The confidence and demeanor is there to remain a starting goaltender, but he'll have to play just as well next season, if not better, to solidify his position as the future starter in Chicago.
I think he has all the ingredients to make it happen.
Remember Scott Niedermayer? Of course you do. But the memory of his dominance on the Ducks' blue line is fading faster than most people thought thanks in large part to the play of Cam Fowler. He proved right out of training camp that he had what it took to handle the big leagues, and he's never looked back.
Yes, he was a godawful minus-25 this year, but this is overlooked for the most part due to his 40-point season. Speaking of overlooked, how many general managers are kicking themselves right now for letting Fowler slip so low in the draft?
His upside isn't just good—it is phenomenally great. The best is yet to come for this future All-Star.
Before the season started I had Michal Neuvirth as a legitimate Calder candidate. He battled consistency at times this season and subsequently got lost in the rookie of the year debate. Having said that, I'm not sure there are many young goalies in the league with higher upside than him.
Tuukka Rask and Cory Schneider would be his main competition, but both of those guys are stuck behind established starters for the time being.
The time for Neuvirth is now. He never lost a series in the AHL, and he's showing why he's touted as a big-game performer thus far in the Rangers series. He's blessed with incredible agility and never gives up on the play.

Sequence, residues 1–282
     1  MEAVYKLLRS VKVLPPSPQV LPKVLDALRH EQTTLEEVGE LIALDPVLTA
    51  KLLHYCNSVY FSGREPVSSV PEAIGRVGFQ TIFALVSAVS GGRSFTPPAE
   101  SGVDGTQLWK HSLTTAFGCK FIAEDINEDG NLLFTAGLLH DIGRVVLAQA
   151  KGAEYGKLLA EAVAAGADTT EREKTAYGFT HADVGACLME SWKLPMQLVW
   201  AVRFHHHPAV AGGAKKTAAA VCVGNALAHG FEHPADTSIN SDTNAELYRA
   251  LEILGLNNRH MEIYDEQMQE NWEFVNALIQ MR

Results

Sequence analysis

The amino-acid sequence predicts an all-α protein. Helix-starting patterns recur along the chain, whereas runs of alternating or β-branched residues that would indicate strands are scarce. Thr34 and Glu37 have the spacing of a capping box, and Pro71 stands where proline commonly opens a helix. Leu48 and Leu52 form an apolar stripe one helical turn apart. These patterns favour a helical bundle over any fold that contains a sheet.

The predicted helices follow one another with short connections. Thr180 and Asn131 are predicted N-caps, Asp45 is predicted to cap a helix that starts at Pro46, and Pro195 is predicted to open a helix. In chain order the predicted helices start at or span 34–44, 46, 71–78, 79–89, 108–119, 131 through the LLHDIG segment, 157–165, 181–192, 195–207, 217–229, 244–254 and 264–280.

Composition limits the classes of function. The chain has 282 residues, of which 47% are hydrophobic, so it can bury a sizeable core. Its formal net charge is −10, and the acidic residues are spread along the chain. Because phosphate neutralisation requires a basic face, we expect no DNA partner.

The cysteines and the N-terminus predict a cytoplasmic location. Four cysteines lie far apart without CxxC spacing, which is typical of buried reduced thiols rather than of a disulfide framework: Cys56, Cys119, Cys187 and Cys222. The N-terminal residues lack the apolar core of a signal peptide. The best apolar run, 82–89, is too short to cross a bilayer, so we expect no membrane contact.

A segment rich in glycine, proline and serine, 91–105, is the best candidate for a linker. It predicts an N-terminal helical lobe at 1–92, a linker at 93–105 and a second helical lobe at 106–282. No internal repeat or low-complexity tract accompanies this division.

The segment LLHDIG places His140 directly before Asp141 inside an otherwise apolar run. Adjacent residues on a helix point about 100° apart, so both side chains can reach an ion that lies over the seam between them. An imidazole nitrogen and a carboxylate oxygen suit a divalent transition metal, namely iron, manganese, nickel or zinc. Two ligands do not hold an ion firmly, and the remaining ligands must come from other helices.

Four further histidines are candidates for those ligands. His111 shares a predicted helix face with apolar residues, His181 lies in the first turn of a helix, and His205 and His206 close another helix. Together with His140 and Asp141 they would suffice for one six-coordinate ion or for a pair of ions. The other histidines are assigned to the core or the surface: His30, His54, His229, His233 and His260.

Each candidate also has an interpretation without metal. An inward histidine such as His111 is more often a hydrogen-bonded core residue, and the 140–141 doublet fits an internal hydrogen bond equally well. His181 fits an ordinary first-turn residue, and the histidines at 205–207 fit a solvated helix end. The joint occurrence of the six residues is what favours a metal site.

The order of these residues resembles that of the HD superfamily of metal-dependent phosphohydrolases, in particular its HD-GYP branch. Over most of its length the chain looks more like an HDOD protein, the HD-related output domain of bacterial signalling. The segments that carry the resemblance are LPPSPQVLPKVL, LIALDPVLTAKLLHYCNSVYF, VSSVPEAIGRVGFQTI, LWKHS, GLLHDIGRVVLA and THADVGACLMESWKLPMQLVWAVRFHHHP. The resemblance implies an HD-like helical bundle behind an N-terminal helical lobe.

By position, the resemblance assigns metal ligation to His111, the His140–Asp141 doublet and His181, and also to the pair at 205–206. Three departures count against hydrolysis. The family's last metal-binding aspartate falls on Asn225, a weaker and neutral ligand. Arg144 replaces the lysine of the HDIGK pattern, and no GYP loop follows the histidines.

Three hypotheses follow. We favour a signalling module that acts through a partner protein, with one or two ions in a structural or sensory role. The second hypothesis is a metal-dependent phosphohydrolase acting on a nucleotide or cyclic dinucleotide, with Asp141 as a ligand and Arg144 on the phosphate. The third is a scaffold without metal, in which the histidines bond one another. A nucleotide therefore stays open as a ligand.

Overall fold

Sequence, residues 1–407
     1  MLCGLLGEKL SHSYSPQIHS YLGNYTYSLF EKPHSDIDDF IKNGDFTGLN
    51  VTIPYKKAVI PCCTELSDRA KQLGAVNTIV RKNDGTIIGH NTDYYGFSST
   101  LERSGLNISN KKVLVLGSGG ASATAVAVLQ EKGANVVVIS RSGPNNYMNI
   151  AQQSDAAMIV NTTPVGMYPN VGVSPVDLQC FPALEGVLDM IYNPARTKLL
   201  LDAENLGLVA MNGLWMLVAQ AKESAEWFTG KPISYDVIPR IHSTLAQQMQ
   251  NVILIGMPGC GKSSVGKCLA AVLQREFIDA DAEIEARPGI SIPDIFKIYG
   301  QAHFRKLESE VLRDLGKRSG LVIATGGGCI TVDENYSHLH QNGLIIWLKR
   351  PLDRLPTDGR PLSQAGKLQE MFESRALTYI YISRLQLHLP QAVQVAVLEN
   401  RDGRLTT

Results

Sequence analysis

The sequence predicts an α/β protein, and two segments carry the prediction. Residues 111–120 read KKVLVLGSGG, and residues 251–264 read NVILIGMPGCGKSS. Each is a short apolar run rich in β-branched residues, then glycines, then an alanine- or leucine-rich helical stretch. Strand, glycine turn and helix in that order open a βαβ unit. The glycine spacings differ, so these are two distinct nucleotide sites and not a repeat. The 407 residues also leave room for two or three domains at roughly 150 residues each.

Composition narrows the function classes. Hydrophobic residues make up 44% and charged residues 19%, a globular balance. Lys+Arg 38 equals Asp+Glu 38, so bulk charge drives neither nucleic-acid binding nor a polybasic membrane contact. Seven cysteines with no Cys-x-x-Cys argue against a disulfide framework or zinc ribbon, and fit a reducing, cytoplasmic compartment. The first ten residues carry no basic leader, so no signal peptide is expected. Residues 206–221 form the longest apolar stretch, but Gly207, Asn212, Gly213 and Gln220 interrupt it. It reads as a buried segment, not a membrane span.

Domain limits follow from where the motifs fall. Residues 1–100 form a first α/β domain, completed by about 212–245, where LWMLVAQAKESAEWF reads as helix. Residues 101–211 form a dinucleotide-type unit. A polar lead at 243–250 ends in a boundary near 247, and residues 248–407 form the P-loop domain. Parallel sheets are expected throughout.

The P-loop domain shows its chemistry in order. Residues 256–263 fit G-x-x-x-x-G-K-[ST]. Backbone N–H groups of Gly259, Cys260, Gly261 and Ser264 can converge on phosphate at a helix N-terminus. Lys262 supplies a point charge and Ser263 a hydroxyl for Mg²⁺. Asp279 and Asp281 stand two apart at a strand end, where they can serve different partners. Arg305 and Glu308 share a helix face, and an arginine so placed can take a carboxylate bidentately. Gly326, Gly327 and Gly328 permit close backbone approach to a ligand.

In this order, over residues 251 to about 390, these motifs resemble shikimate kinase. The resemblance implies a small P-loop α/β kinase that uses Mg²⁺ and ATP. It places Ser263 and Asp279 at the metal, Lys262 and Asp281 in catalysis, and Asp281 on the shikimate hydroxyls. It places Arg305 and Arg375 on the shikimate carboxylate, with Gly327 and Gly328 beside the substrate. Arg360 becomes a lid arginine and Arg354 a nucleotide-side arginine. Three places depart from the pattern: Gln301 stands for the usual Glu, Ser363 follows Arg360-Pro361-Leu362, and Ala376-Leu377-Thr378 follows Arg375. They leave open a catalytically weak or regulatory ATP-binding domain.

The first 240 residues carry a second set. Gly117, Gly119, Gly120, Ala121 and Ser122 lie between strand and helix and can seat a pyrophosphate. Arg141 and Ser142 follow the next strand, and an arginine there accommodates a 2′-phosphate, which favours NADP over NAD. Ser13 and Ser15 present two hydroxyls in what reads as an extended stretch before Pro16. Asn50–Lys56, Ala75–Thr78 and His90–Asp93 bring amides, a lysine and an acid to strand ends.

Look for the Capitals to part ways with Semyon Varlamov this summer and designate Neuvirth the undisputed starter next year.
He might even have a Stanley Cup ring and Conn Smythe Trophy in his bio when all is said and done.
I got a lot of flak for putting other defensemen higher than Tyler Myers on my rising stars lists this year, but that isn't going to change anytime soon. It's not that I dislike Myers, because I think he has great potential, but I would take the guys above him if I was forced to choose.
The biggest part of Myers' game is his confidence. Once he found it in his rookie season, he took it and ran with it all the way to the NHL Awards Show in Las Vegas, where he collected the Calder Trophy. However, under the weight of expectations and acclimating to a new defensive partner, it took a long time before he felt comfortable this year.
In fact, he was horrible on the ice for the first quarter of the season, and it wasn't until after the All-Star Game that he really found his form again.
Most teams would still love to build their blue lines around him, though. He's fully deserving of the No. 5 spot.
The rookie of the year candidates were just announced, but I don't believe Logan Couture should be on the list. He played in a whopping 40 games last year, including the playoffs, but still remained eligible for the Calder?
Meanwhile, the real rookie of the year, Alex Pietrangelo, was left out because he played in nine regular-season games two years prior. Go figure.